Nadeju Headphones (Stroking Fulfillment Headphones) were developed by an ambitious team at Maizuru National College of Technology (MNCT) to simulate the feeling a girl stroking your head.

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Off to College Comics: The Top 10 Manga for Those University Bound

Spring is the time of graduation ceremonies in Japan and while the junior high school students are ruffling feathers with their risqué photos, the high school kids are getting ready for that life-changing transition to college life.

After countless hours of prep courses and after-school cram schools they have acquired the knowledge to enter tertiary education, but very little instruction is given on how to adapt to the social life of university.

That’s where manga comes in. To fill that void of knowledge, Naver has compiled a list of comics that have hit home with university students in Japan. Sure, some of them deal with unrealistic subject matter such as conversations with bacteria, but they still manage to capture the general atmosphere of college life pretty well.

So without further ado, if you’re about to make the switch to a campus or if you’re just looking for a new manga series to get into, sit back and enjoy this list of university-themed manga.

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Gangnam Style Literally Rocks the Stage at Peking University

A group of international students at Peking University had come together to put up a Gangnam Style performance during the annual Peking University International Cultural Festival held in late October. One of the guys even parodied PSY by dressing himself up in the classic suit-with-sunglasses look.

It was such an enjoyable performance, that the chart topping hit was repeated again for the encore segment, and the students all gathered again on the main stage, waved their respective country flags and swayed along.

And of course, as the catchy phrase “Oppa Gangnam Style!” came on, everybody could no longer resist the urge to bring together their two hands and start trotting along to the beats.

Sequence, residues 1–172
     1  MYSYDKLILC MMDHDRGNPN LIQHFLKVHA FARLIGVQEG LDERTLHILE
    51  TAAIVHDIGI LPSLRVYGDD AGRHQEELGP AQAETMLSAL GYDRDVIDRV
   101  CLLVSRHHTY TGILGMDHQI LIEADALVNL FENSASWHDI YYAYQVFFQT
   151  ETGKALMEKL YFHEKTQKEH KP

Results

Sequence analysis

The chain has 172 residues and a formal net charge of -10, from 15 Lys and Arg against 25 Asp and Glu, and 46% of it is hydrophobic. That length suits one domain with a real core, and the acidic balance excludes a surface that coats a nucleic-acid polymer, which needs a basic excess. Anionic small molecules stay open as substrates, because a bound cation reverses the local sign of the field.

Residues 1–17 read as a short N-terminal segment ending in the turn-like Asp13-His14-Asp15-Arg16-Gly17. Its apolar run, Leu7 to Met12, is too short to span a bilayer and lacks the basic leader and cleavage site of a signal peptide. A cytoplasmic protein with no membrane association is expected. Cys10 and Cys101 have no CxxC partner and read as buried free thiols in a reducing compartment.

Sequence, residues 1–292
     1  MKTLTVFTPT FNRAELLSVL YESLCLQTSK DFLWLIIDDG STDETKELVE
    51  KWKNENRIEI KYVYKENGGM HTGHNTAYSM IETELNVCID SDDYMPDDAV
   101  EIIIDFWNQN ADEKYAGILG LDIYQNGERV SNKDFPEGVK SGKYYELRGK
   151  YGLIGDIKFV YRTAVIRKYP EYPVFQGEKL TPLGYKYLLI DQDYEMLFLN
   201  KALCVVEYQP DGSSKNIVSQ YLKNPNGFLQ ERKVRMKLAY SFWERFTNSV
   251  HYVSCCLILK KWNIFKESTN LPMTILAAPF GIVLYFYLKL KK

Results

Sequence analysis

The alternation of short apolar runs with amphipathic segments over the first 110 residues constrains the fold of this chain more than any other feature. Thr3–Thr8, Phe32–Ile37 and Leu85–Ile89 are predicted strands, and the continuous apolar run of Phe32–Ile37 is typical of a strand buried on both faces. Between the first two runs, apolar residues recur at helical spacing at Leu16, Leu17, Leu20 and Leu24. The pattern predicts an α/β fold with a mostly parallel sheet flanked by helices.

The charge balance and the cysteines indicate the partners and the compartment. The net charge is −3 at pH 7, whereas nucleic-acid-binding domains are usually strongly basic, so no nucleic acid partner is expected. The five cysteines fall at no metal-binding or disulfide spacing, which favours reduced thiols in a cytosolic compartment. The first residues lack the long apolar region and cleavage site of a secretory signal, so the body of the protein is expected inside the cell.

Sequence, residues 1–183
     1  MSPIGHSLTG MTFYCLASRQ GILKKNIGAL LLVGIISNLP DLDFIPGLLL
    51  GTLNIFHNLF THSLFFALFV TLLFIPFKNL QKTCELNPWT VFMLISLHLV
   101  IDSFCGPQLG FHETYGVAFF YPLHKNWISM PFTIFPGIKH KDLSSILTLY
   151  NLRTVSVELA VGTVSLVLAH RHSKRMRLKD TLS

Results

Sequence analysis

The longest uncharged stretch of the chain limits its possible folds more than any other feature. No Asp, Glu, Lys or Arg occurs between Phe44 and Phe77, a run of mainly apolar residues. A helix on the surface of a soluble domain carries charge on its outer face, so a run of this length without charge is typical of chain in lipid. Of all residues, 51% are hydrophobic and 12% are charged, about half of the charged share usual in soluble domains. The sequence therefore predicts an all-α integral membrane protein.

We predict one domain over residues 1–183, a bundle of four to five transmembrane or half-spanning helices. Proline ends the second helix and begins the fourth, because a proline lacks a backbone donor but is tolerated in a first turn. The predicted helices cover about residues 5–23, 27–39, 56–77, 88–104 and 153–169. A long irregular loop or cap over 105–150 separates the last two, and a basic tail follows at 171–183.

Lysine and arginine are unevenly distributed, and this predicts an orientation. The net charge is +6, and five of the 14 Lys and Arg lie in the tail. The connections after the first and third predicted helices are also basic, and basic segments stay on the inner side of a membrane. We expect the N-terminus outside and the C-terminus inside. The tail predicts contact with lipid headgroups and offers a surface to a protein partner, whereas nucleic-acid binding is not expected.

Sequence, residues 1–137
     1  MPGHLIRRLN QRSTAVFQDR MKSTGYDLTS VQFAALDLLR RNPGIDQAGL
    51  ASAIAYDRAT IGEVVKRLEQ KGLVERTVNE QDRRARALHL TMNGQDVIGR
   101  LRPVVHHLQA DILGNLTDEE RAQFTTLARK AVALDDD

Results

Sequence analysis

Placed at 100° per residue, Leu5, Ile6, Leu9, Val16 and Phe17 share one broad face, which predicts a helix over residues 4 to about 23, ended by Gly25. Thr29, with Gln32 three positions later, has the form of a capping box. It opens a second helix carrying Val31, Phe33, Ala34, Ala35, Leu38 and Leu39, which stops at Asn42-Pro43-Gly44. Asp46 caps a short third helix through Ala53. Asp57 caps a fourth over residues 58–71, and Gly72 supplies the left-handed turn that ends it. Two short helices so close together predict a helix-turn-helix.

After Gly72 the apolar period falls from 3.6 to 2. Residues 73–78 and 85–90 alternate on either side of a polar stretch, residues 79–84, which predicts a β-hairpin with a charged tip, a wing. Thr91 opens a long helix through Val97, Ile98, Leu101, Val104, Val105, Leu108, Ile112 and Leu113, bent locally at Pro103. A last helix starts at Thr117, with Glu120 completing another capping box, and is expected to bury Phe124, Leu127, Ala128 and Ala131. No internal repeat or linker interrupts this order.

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Young Japanese Women Becoming Less Interested in Sex, Survey Says

For the past few years, Japan has been in a fuss about soushoku danshi, literally translated as “herbivore boys.” These are young men who represent the antithesis of the rowdy, skirt-chasing, big-spending corporate man associated with the 1980s bubble economy: they’re passive, conservative with money, prefer to stay in instead of going out drinking with coworkers and are generally uninterested in sex.

Such personal lifestyle choices wouldn’t be considered problematic if Japanese society wasn’t struggling with a declining birthrate and low consumer spending. But when an ever-increasing portion of your male population is enjoying their evening with a cup of tea at the local manga cafe when you need them to be out buying cars and procreating, you’ve got a situation on your hands.

To make matters worse, a survey conducted by The Japanese Association for Sex Education (JASE) reveals that the number of young Japanese women who have had sex has decreased dramatically over the past 6 years.

Perhaps the ladies of Japan have finally given up on trying to get their male counterparts into bed and joined convent themselves.